As this question regarding screenplay eligibility has come up year after year, WGA officials have never wavered. They repeatedly defend their practice when it comes to awards eligibility by generally taking the position that their awards are for WGA members, at least those who play by the rules. Neither the Screen Actors Guild, or the Producers Guild Of America, or the Directors Guild Of America, put such strict union considerations in their contests. (For instance, though they’re still called the SAG Awards, the upcoming 17th Annual Screen Actors Guild show on January 30th could just as easily be called the AFTRA Awards in terms of television. That’s because, as Nellie Andreeva wrote this week, an increasing number of categories, especially among comedy series, are dominated by AFTRA shows. On December 16th when the SAG Awards nominations were announced, AFTRA even put out a congratulatory note listing all nominees from AFTRA shows.) Still, many of the writers affected are WGA members including King’s Speech writer David Seidler who is a past WGA winner. Last year, 10-year WGA member Nick Hornby’s An Education was bounced because of an additional technicality that said he also had to be a member of his local WGA Britain. He wasn’t. He got “An Education” of his own, at least when it comes to being nominated for Writers Guild awards.

Last year only 4 out of 10 WGA nominees repeated at the Oscars including eventual Original Screenplay winner The Hurt Locker and Adaptation winner Precious. Such eventual Oscar nominees as Up, Inglourious Basterds, An Education, and District 9 were ineligible at WGA. In 2008, Milk was the only Original Screenplay nominee the two orgs had in common, likely due to the tough WGA restrictions. It won both, however.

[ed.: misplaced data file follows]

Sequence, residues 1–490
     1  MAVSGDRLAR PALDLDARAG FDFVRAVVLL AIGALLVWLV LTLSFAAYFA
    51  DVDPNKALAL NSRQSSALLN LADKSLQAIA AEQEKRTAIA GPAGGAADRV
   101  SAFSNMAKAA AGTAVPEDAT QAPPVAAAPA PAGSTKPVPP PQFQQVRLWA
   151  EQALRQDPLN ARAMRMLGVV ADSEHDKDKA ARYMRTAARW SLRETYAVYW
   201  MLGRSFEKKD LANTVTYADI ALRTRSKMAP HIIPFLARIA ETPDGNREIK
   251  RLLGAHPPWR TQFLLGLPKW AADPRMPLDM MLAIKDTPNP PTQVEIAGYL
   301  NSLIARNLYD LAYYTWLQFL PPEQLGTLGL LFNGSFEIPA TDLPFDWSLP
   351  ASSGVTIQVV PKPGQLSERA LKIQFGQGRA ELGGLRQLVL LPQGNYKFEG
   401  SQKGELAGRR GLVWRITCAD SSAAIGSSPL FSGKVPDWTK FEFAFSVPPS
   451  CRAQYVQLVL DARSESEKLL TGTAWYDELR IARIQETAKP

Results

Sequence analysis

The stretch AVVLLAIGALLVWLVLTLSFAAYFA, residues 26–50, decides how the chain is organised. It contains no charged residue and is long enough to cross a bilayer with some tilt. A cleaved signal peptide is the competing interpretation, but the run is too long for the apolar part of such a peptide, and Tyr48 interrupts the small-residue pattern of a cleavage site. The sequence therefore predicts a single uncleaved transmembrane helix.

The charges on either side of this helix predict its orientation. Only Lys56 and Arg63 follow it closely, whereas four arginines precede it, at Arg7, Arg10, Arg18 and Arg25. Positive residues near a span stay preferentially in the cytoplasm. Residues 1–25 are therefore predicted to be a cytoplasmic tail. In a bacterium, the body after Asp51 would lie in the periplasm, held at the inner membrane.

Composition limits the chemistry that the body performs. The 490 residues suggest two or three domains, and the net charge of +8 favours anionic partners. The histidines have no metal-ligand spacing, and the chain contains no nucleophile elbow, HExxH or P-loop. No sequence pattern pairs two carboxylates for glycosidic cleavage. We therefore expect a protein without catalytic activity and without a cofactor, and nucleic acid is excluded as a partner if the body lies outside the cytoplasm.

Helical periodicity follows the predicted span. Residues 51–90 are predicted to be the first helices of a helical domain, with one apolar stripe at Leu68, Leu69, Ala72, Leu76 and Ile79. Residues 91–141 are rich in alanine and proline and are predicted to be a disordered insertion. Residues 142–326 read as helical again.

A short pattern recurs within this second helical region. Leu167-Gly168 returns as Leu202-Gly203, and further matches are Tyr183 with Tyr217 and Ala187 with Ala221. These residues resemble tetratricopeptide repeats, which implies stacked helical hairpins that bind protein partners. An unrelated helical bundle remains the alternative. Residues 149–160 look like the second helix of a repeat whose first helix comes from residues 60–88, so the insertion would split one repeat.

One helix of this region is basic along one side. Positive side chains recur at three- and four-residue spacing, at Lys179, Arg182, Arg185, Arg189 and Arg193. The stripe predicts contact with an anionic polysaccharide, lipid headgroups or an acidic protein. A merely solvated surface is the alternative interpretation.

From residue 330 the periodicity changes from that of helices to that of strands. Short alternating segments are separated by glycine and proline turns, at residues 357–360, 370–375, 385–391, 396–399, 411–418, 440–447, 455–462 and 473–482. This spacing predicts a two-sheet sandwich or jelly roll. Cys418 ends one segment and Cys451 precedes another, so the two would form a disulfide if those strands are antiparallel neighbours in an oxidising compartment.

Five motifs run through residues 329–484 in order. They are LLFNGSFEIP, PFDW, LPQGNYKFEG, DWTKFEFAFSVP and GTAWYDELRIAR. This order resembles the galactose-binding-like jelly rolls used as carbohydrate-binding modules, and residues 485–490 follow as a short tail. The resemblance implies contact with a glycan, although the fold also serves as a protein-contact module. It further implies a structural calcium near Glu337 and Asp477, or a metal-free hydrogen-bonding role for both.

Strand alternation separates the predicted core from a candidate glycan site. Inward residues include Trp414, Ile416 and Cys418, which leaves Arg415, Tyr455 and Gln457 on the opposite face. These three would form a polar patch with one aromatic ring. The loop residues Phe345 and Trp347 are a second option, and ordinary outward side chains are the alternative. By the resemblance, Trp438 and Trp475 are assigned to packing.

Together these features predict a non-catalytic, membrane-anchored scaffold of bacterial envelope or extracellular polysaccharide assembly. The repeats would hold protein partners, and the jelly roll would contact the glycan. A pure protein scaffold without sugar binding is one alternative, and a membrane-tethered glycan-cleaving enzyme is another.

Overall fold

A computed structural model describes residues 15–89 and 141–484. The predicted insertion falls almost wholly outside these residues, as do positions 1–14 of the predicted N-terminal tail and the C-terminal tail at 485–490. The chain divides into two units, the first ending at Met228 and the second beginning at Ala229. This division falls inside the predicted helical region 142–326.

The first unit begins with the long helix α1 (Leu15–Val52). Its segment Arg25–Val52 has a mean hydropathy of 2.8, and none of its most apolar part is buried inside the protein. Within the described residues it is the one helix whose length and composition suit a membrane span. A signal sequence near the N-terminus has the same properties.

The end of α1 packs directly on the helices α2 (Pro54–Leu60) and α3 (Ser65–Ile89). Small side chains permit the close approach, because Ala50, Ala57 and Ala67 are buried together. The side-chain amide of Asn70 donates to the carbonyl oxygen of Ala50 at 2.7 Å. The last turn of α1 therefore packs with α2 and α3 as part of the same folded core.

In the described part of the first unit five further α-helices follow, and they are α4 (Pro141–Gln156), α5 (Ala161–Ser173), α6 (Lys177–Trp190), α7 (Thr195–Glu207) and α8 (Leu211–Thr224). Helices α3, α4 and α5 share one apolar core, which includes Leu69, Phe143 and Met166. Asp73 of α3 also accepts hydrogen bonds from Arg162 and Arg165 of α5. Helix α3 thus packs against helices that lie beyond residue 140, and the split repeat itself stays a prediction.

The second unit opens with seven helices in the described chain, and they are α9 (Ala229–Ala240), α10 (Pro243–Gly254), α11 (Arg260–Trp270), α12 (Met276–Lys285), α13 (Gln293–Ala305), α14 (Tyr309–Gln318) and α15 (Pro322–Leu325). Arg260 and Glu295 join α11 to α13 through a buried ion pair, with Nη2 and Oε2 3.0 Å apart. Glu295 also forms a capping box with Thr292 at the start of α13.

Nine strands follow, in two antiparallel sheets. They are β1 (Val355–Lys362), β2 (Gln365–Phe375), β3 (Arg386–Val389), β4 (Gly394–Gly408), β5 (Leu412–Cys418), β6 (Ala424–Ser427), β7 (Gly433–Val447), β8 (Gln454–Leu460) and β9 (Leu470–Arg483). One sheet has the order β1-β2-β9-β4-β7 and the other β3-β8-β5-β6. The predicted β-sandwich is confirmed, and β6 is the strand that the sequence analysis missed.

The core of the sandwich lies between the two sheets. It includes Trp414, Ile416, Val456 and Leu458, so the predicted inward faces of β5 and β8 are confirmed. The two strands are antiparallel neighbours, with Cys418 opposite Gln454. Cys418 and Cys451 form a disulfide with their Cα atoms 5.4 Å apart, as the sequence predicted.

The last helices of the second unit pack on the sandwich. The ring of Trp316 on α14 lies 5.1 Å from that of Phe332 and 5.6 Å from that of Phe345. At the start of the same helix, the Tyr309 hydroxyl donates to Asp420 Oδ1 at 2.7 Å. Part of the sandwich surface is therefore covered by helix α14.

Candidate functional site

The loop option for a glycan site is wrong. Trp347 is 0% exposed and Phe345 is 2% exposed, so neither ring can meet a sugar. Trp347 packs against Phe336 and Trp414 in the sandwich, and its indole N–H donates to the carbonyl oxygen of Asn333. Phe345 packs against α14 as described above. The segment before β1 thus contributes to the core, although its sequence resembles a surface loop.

Among  those hit hardest by the WGA rules this year is The Weinstein Company, which had King’s Speech, Blue Valentine and Nowhere Boy, all nixed for competition. Only TWC’s Sundance pickup The Company Men original screenplay was deemed eligible — and it would have been a major embarrassment if it didn’t qualify as it was penned by WGA President John Wells. Last year, another trio of Weinstein films were not allowed  including Inglourious Basterds, A Single Man, and The Road. A person close to the process tells me that TWC is aware these movies don’t qualify under WGA rules but argues that “many smaller films like them that have to fight to be made” simply can’t afford otherwise, and that it would cost in the hundreds of thousands — at least — to make them eligible retroactively. This Weinstein source said that, fortunately for the company, “the Academy is the great equalizer” and they expect to have better luck there. At least two other people I spoke with  that are connected to films that are eligible did not  shed any tears over the WGA reject list. Apparently the less, the merrier.